Doctors Lounge - Chest Answers
"The information provided on www.doctorslounge.com is designed to support, not replace, the relationship that exists between a patient/site visitor and his/her physician."
Forum Name: Chest symptoms
Question: Lump below my sturnum
|mvannote - Sun Sep 30, 2007 9:42 pm|
I am a 40 year old male with no previous surgerys or major health problems other that being over weight. I am 6'1" and weigh around 240.
I noticed a few weeks ago that when I'm laying on my back and go to sit up, like i'm doing a crunch, I get a lump that protrudes just below my sternum. It raises about 1" or more from my stomach and is about 4 to 5 inches long. It only happens when I raise my head to get up.
I have been told that it might have something to do with the powerlifting i used to do several years ago.
I apoligize if i'm in the wrong area or if this has been asked before. Just didn't know where to start.
|Debbie Miller, RN - Mon Oct 01, 2007 12:17 pm|
I can't say this is it for sure but it sounds like a protuberance of the xiphoid process of the sternum. This is a normal anatomical finding. Sometimes the end of the sternum pokes out a bit, making a hard, bony lump noticeable, especially when lying on your back. If this is the case, it has nothing to do with your exercise activities. I am assuming it is not painful.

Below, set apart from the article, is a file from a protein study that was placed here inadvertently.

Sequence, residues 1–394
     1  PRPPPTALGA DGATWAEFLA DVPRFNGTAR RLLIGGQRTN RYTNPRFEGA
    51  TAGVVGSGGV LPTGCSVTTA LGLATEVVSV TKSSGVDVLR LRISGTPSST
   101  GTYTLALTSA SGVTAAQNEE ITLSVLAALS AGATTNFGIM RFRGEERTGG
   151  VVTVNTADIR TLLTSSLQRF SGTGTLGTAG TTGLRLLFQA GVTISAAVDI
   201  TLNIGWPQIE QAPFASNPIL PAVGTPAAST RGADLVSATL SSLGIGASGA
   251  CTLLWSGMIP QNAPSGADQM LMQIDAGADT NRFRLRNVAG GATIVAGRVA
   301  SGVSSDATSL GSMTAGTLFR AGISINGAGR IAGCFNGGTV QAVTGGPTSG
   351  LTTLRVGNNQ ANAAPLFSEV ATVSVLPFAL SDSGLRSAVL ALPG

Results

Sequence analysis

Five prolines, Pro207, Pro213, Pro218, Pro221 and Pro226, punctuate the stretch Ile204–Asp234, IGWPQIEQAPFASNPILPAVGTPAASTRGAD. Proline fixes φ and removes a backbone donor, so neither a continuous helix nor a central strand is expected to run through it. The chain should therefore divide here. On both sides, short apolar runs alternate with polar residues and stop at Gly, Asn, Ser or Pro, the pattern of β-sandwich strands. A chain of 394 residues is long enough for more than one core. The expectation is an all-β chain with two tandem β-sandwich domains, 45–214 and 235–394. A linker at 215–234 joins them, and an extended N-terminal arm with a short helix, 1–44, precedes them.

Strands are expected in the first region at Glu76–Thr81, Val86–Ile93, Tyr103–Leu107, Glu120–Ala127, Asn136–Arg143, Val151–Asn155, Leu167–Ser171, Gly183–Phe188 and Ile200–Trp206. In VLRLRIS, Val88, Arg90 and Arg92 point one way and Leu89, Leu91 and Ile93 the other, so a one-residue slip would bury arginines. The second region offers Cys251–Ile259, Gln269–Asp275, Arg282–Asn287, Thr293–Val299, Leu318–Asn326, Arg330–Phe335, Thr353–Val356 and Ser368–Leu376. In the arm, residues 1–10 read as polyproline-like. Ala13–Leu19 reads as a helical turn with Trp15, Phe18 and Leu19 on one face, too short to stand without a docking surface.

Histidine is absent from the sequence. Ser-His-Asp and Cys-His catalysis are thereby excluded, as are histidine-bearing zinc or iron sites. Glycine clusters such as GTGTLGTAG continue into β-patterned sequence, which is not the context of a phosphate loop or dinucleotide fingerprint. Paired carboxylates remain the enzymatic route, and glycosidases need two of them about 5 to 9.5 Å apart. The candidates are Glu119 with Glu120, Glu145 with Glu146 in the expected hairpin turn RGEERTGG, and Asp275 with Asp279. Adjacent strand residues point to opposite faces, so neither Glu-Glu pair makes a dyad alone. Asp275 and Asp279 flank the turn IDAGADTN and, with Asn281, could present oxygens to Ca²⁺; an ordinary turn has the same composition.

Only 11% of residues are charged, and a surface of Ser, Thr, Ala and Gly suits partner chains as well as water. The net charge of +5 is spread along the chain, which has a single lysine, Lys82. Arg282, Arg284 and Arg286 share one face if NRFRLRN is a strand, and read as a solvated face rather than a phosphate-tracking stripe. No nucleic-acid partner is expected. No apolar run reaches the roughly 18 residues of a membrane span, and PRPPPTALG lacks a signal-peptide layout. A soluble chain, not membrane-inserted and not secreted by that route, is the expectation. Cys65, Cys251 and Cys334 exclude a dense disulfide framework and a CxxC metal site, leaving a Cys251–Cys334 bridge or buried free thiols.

If you need to know for sure, you should have it examined at your next appointment with your doctor, along with having your cholesterol checked, etc.
|mvannote - Mon Oct 01, 2007 4:10 pm|
I called and talked with both a nurse and a doctor today and they do want me to get it checked out by a doctor but think that I have a hernia. They think I have tore the lining located below my sternum and that I might need surgery to get it fixed/patched.
I am scheduling a doctors visit soon and will post the findings at that time.
|| Check a doctor's response to similar questions|
Are you a Doctor, Pharmacist, PA or a Nurse?
Join the Doctors Lounge online medical community
Editorial activities: Publish, peer review, edit online articles.
Ask a Doctor Teams: Respond to patient questions and discuss challenging presentations with other members.